The silence depressed me. It wasn’t the silence of silence. It was my own silence. I knew perfectly well the cars were making noise and the people in them and behind the lit windows of the buildings were making a noise and the river was making a noise but I couldn’t hear a thing.’
One month after Sylvia Plath’s searing autobiographical novel The Bell Jar on her struggle with neurosis and depression was published Plath pushed her head into the cavernous oven in her kitchen and turned on the gas.
Her two small children were in their room upstairs when she killed herself. Just a few days earlier Plath had been prescribed anti-depressants and medicine’s jury remains out on whether she could have been saved had she started treatment earlier.
It was 1963 when Plath’s dramatic suicide first catapulted the issue of depression on to centre stage.
Yet in 2015, despite the strides made by scientists in understanding the human brain, depression and varying conditions of mental illness continue to be judged, laughed at or treated with contempt or worse still, mild amusement.
Plath’s doctor John Horder struggled to explain that just like an imbalance of insulin resulted in diabetes a chemical imbalance or genetic inheritance, exacerbated by other stress triggers, resulted in anxiety and mental disorders.
Decades later, doctors are still trying to get past the sniggers and smarminess of social response in their attempt to lift the stigma around it.
For a country diagnosed as the world’s most depressed nation by the World Health Organization — the WHO report found that 36% of Indians had suffered from a major depressive episode (MDE) — we can be near-cruel in our lack of empathy and misplaced embarrassment about mental health.
There are notable exceptions of course, but as a country we seem to almost suggest that ‘depression’ is some sort of a luxury good that only the spoilt upper-crust can afford.
So many people I know tend to dismiss it as an airy-fairy chi-chi ailment conjured up by the vapidity and decadence of the rich who don’t have ‘real’ problems. They may not say it in so many words but you can see the subtext clearly in their attitude and insensitive responses.
This was brought home to me a few weeks ago after I had an in-depth conversation for television with the extraordinarily brave Deepika Padukone along with her mother and two doctors.
For someone in the business of selling fantasy and glamour it was quite remarkable that Padukone decided to allow millions — used to consuming her persona only in images of idealised beauty, a toned body and a happy, toothy, wide-set smile — to get past the glitter and step into what had been her private hell.
First in a conversation with this newspaper and then with me on TV, she spoke candidly about the strange, stabbing “pit” in her stomach, not wanting to get out of bed, locking herself up in a vanity van and crying relentlessly and about discovering what separates mere sadness from clinical depression.
Her doctors — a counsellor and a psychiatrist — walked her through the treatment she needed and her mother said the family did not ever pause to worry about what this ‘admission’ may mean for her public image as a peddler of dreams.
Her courage, and that of her parents, encouraged me to also speak freely to her about the anxiety attacks that had plagued me a few years ago and the sense of emotional isolation I felt when even the most well-meaning, helpful friends thought that the attacks were at least partially triggered by what they saw as my propensity for drama and hysterical over-reaction.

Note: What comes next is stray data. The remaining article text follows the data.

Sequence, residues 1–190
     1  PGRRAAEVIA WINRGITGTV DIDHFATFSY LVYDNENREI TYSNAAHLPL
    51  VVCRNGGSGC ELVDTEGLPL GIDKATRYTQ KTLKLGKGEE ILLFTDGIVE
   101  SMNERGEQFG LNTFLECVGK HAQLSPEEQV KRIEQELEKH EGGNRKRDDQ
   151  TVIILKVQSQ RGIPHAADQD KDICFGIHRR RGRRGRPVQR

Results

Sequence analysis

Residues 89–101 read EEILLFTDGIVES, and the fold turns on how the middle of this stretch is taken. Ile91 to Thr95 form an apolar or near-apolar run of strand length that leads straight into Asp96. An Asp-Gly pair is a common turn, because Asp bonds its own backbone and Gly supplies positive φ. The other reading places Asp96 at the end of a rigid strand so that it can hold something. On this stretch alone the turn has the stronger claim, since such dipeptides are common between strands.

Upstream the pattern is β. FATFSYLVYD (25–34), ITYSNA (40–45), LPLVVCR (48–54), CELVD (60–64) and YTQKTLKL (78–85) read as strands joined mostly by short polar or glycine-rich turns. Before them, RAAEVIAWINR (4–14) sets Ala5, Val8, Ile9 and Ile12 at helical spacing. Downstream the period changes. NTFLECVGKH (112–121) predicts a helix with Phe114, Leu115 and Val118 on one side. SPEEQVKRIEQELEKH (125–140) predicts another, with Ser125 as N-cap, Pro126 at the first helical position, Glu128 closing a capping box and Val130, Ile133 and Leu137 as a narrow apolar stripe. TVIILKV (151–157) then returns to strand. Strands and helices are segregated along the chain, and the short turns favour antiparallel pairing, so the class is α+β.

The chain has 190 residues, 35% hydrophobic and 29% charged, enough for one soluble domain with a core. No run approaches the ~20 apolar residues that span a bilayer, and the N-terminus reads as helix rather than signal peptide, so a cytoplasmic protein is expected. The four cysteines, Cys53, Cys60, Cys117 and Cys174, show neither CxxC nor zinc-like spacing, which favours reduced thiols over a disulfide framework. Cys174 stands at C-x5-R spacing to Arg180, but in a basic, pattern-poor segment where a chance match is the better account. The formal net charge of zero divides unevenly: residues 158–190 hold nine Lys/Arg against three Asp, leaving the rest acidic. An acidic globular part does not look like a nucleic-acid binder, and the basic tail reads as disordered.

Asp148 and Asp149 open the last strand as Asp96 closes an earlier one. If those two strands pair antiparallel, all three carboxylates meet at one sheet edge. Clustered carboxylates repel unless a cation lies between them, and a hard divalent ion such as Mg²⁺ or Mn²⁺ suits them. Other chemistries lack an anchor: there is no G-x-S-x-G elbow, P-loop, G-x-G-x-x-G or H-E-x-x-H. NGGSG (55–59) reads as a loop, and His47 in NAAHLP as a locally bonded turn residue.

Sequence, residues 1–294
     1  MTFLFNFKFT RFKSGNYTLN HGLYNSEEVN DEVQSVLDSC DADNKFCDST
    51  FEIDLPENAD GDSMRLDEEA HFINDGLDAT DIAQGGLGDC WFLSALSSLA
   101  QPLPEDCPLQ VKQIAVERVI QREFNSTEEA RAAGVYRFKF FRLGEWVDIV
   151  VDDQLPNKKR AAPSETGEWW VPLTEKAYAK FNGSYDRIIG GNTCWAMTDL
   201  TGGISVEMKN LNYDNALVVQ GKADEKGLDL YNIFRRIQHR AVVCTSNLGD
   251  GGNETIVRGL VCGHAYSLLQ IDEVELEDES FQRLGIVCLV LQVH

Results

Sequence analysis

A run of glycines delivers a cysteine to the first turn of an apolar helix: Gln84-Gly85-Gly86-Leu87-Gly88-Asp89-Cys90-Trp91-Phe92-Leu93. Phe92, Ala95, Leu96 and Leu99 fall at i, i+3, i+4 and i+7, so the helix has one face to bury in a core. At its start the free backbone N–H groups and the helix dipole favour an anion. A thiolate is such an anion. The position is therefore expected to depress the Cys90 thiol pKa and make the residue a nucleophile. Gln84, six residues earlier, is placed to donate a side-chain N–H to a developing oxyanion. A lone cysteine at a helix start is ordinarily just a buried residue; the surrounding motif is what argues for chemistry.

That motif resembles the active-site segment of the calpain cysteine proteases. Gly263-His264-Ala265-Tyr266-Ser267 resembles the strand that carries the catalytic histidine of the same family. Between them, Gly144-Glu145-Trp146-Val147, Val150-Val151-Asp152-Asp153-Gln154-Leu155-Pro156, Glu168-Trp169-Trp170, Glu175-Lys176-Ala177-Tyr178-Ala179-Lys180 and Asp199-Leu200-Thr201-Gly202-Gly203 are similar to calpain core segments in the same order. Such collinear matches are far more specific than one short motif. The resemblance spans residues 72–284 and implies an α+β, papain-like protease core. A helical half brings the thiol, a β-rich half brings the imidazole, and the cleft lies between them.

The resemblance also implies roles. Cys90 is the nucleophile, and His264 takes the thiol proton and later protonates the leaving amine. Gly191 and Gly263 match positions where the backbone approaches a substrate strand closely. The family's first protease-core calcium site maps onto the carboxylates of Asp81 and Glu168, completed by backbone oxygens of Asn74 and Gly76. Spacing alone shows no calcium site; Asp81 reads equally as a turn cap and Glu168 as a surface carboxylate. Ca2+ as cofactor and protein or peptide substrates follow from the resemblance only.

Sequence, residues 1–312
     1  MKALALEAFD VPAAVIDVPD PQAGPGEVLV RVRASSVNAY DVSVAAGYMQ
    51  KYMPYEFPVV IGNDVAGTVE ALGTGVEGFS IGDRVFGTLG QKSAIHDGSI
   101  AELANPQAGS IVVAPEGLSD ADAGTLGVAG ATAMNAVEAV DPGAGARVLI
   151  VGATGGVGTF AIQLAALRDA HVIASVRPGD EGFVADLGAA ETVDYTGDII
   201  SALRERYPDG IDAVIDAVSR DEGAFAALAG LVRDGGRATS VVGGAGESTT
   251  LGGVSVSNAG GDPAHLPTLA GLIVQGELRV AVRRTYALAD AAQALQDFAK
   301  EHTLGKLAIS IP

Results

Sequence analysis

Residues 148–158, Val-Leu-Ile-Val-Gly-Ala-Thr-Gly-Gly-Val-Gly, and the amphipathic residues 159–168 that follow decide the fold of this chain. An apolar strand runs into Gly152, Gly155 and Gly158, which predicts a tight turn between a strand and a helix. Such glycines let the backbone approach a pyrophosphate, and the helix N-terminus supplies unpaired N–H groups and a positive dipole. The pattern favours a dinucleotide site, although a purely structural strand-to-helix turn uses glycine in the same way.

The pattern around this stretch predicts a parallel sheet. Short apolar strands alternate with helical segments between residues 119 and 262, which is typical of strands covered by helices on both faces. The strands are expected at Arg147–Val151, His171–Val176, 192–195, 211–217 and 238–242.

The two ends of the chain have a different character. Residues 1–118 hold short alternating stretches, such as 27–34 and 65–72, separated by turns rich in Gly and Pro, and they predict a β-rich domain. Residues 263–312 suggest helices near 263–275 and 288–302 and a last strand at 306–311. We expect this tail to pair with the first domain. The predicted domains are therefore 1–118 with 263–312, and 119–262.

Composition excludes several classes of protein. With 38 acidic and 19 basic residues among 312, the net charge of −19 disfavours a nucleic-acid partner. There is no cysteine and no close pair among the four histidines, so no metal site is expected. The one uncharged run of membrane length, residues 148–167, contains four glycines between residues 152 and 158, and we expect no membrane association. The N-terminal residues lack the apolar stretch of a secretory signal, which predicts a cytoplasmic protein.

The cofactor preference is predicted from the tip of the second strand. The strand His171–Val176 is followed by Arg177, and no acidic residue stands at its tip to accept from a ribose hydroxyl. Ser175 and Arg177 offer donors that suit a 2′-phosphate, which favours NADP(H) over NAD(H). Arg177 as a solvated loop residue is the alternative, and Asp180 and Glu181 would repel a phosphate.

Padukone candidly spoke of how through her period of depression she had to do what TS Eliot called “prepare a face to meet the faces that you meet”, tearing up on national television as she described the dichotomy of smiling for the unforgiving cameras and hastily retreating into the shadows of her mind when alone. She was doing this, she explained, because she believed her talking about it could offer strength to others to come out, confront the demons in their head and, more importantly, because people needed to know that medical treatment could either cure or contain most forms of depression.
“I’ve been to hell and back,” she admitted. The staggering response after the broadcast showed that she had touched more than a chord. Countless people wrote in about their own struggles and travails and how they had derived the confidence to talk about it from her.
Yet there were also the usual carpers. I heard whispers of the interview being used as a marketing launch-pad, snarky take-downs of her tears and contemptuous dismissals of her as a spoilt, rich girl who should not be complaining. I was incensed.
Instead of applauding her, these lazy, arm-chair barbs only underlined the ignorance that continues to prevent the understanding of depression as an illness, just like any other.
In a country with the highest number of suicides in the world (WHO report, 2012) Deepika Padukone has done us all a favour.
She has lifted the shroud of silence that has long veiled an honest discussion about our mental well-being.
By baring her vulnerability, she has in some ways made herself even more vulnerable to unforgiving public scrutiny. Statistics and science both offer us all the evidence we need that depression is not a product of self-indulgence.
So does poetry and the intensity of words. “I felt very still and empty, the way the eye of a tornado must feel, moving dully along in the middle of the surrounding hullabaloo,” wrote Plath. That loneliness, if not treated, can kill. Literally.
So it’s time. Let’s talk depression.
Read: 'I had to take medication for depression'
(Barkha Dutt is Consulting Editor, NDTV, and founding member, Ideas Collective . The views expressed by the author are personal.)